In case you didn’t yet know (and who doesn’t?), there’s plenty of material available online to make you a better, more informed astronomer. In Syracuse, we often have to learn more from looking down at the screen than up with the scopes! In the interest of saving everyone google searches for the astronomical “best of the ‘net,” I’ve added a new astronomical media page to the website, at which the plan is to keep an accurate list of useful (and favorite) podcasts, image galleries, and general astronomical info. We welcome feedback and (more importantly) links to your favorites.

The list begins with podcasts, which have gone from obscurity to ubiquity over last few years. If you’re still unaware of what podcasts are, I direct you to one of several websites that explain the 5W-H’s. There are a number of phenomenal podcasts out there that deal with astronomy education and general stargazing. The media list begins with four of my favorites. I have made direct links to the podcast feeds on the list below that will subscribe you to these podcasts automatically in iTunes (which is freely available from Apple. Podcasts do NOT require iPods!).

1. Stardate [iTunes Podcast Link] – The best 2 minutes on radio. Until the show became available as a podcast, I would endeavor to make sure I was by a radio tuned to WRVO at either 6:58 am or 6:58 pm for my daily fix of Sandy Wood and the night’s festivities. If our own Mike Brady were to begin handing out seals of approval, I suspect Stardate would get the first.

2. Jack Horkheimer: Star Gazer [iTunes Podcast Link] – I suspect anyone that grew up watching WCNY knows the name Jack Horkheimer, whose Star Gazer program has run on Sunday evenings (around 6 pm) for as long as I can remember. Easily the most enthusiastic man in Astronomy with, very likely, the most easily understood descriptions you’ll find about the week’s best night views. Both audio and video podcasts are available, the video version being the same as seen on PBS stations.

3. Astronomy 161/162 [iTunes Podcast Links For 161 and 162]- Prof. Richard Pogge (pronounced Po-Gee) is a Professor of Astronomy at Ohio State. The Astronomy 161/162 podcasts are the audio from his classes, which cover general astronomy at an undergraduate level. These lectures are excellent material for reminding yourself of things you forgot (definitions, methodologies) and learning about much of the best history and basic science in astronomy (do you know why a “foot” is divided into 12 inches?). College level astronomy for the cost of a few megabytes on your hard drive. I don’t think there’s a better deal out there. If that weren’t enough, his department website includes all of the lecture notes from the class, so you don’t even have to go hunting for an H-R diagram. Also a Mike Brady favorite.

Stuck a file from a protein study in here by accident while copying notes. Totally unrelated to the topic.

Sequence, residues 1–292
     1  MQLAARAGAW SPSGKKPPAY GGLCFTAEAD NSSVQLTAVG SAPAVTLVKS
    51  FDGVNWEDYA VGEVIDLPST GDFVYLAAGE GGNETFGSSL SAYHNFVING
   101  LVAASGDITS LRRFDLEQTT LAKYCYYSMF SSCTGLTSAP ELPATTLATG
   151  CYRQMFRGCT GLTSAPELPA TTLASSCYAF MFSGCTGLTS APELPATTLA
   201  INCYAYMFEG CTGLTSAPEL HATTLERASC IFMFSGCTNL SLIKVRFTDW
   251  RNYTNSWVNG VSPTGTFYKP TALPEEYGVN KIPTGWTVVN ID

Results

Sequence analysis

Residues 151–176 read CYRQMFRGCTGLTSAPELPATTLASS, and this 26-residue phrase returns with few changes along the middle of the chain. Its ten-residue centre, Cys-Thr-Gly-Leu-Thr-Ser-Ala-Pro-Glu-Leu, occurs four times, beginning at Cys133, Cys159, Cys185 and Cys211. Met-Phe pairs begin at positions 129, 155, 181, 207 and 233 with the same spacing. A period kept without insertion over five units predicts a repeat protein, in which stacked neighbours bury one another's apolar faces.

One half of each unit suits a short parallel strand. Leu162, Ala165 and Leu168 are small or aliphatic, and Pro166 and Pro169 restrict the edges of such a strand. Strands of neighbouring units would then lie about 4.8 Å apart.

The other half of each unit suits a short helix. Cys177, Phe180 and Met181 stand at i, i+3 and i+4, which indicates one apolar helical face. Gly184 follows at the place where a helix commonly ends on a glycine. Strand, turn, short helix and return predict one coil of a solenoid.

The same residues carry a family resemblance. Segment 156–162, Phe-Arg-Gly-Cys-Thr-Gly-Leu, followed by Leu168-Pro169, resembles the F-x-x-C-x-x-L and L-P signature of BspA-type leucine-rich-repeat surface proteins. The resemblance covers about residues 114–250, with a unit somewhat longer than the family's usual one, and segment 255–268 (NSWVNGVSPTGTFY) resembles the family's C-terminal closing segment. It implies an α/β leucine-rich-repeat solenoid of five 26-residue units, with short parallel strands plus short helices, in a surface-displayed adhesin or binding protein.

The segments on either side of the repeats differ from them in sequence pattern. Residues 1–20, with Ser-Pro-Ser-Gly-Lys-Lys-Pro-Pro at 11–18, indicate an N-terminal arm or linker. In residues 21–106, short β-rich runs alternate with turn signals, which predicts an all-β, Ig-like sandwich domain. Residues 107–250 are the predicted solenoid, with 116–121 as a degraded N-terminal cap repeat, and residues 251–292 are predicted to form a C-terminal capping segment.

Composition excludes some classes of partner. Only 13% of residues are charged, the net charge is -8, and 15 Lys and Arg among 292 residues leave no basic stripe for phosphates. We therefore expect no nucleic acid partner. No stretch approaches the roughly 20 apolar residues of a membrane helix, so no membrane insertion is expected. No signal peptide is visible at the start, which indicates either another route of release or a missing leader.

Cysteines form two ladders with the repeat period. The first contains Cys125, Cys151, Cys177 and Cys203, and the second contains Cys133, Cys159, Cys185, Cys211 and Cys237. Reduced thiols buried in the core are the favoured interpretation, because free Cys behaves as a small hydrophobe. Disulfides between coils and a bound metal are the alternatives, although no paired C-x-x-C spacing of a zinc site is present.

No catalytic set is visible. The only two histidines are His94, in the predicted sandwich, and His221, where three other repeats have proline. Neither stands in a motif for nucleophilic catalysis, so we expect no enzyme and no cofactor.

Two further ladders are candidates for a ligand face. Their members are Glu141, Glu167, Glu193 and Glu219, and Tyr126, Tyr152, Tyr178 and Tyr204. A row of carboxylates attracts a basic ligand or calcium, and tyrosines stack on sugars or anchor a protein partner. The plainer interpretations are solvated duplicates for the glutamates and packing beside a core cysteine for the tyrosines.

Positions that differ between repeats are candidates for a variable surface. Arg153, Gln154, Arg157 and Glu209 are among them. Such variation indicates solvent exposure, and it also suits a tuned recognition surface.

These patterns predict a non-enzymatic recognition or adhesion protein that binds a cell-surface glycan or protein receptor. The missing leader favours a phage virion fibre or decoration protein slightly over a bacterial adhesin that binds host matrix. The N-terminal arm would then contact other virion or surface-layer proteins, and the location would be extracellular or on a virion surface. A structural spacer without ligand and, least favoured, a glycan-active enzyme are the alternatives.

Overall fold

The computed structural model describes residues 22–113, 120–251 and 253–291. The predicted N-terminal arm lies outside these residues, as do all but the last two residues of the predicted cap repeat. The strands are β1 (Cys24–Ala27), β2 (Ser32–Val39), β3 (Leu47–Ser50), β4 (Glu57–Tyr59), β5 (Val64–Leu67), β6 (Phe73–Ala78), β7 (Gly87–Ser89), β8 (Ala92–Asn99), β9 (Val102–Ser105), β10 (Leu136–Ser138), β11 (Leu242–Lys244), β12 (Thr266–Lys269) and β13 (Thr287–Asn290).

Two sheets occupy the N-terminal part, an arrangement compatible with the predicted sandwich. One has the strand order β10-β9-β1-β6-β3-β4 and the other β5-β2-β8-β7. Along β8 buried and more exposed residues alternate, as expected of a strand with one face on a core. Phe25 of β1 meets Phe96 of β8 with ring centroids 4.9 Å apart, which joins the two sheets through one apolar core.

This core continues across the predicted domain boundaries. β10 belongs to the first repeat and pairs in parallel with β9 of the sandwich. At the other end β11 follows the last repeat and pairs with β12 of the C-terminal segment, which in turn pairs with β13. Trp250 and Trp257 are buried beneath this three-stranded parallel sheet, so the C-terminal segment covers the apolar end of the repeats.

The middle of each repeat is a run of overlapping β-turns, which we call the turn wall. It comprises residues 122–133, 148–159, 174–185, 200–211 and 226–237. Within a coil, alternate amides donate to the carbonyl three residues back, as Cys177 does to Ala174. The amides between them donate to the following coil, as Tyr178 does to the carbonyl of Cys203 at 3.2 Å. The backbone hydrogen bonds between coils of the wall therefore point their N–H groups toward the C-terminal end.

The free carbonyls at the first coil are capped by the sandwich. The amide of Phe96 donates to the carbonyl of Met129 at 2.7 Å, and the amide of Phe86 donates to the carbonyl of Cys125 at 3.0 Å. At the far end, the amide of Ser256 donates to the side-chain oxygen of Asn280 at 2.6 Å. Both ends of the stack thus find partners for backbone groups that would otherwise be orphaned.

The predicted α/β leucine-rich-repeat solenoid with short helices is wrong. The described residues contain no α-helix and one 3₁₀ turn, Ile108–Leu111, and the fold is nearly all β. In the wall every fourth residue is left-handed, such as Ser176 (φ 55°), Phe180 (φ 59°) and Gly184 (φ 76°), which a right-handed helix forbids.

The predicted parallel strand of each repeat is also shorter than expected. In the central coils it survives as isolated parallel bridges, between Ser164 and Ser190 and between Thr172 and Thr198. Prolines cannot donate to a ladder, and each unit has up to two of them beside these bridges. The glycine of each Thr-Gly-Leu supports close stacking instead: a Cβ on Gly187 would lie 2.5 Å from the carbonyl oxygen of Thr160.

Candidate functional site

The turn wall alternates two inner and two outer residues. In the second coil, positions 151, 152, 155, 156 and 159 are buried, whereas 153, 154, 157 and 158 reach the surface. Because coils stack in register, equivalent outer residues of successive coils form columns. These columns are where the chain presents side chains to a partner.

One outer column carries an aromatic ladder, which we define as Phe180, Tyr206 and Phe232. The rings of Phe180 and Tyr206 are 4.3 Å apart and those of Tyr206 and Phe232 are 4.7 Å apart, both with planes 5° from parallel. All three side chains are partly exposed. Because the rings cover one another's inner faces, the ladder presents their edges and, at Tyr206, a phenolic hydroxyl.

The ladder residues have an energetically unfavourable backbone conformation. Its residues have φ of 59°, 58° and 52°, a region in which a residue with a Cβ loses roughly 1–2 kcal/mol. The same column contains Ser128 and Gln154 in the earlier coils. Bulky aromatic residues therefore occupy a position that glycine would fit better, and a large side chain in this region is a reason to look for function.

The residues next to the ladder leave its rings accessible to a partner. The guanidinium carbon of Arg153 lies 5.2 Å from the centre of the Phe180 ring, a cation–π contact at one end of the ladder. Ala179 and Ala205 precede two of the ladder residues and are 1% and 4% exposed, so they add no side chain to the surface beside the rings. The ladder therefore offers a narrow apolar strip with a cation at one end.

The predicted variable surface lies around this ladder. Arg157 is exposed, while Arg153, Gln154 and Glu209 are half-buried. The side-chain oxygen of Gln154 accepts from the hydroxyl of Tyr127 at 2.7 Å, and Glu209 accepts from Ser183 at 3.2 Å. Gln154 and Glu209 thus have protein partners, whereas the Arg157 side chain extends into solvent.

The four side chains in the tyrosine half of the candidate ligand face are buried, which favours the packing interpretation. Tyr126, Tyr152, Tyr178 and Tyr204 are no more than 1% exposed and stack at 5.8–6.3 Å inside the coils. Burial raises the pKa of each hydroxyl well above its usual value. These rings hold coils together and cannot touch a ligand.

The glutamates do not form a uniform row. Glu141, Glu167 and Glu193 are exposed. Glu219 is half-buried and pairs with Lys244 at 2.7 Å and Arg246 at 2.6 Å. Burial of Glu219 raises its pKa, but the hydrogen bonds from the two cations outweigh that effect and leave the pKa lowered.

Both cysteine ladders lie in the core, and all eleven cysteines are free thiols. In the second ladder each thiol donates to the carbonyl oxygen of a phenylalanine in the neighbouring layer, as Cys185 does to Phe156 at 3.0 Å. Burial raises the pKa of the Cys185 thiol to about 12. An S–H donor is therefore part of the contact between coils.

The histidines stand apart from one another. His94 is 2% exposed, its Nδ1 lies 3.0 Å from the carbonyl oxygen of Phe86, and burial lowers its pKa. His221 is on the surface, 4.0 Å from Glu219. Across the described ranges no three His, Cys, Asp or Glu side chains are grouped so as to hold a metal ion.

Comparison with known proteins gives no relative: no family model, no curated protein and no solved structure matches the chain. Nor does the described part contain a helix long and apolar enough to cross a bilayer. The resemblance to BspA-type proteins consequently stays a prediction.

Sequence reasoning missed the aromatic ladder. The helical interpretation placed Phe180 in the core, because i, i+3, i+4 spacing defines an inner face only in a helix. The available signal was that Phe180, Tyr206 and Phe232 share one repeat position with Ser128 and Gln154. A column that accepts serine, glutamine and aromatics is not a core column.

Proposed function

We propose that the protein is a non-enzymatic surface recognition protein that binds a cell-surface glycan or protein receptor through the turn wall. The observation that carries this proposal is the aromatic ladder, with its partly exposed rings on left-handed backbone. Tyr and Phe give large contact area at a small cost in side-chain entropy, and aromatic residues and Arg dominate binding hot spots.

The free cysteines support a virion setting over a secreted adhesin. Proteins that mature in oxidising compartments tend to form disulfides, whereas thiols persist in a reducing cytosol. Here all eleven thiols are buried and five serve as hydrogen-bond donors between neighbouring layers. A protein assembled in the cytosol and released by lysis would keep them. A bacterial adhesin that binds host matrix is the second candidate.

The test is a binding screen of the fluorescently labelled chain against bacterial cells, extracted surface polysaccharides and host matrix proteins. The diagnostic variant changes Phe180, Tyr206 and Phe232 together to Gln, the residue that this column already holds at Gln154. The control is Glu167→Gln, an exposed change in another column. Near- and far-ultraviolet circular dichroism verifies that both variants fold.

4. Astronomy a Go Go [iTunes Podcast Link] – This podcast appeared early in the history of the iTunes Music Store and has a good, long run to date. Show host Alice Few has been providing podcasts on most everything astronomical since late 2005. In addition to the regular shows, the podcast features a monthly “Tour of the Night Sky” where Alice walks you through what’s up there in a relaxed, easy to follow manner (plenty of time to convince yourself you’re seeing what you think you’re supposed to be seeing!). As if the podcast weren’t enough, the Astronomy a Go Go website is quite possibly the most content-rich site for amateur astronomy on the web.

This is the beginning of the list! The plan is to include many other links in the Astronomy Media page. If you have favorite links, please send them along and, if you like, include a description of why you like it.

NASA Night Sky Network

Click here to watch an introductory video.

Some of you may have noticed that we went national with the latest web update. The SAS joined the NASA Night Sky Network late last year. The NASA website describes the Night Sky Network as “a nationwide coalition of amateur astronomy clubs bringing the science, technology, and inspiration of NASA’s missions to the general public.” This Network was put together by NASA, the Astronomical Society of the Pacific, and the Astronomical League, and is kept going with the help of the many (many) societies across the US, including our selves and our friends to the East, the Mohawk Valley Astronomical Society in Clinton.

It is an excellent arrangement for ANY astronomical society. NASA provides materials, connections, and a base of operations at the NSN website for helping people find local astronomy clubs. We continue to do what we try to do best: get people to look up! One of the active membership benefits is the arrival of Toolkits, self-contained projects including videos, documentation, and demonstration materials. The purpose of these Toolkits is to present some topic with visual aids in detail. We currently have the “Shadows & Silhouettes: Phases, Eclipses, and Transits” Toolkit ready for presenting at the Darling Hill Observatory opening in April.

While the purpose of the Night Sky Network is public outreach, our activity as of late has hovered… somewhere below the tree line recently, a result of the down-time in activities for the SAS that comes with the winter months and life in Syracuse. The opening of the observatory in April and monthly Spring/Summer viewing will be serving as the bulk of our contributions to the Night Sky Network, with the specific activity roster for the year’s viewing in the works and the current schedule available on the Meetings and Public Viewing page. As always, we’d love to see your dark, featureless outline at our public viewing sessions.

As this post has gone a bit long, the review of the Celestia program will be spared for the next message, at which any update from the Messier Marathon and new additions to the media page will be posted.

Space is the place,
Damian Allis, Ph.D.

Links Used Above (Subject To Web Changes)…-how-to-podcasting-get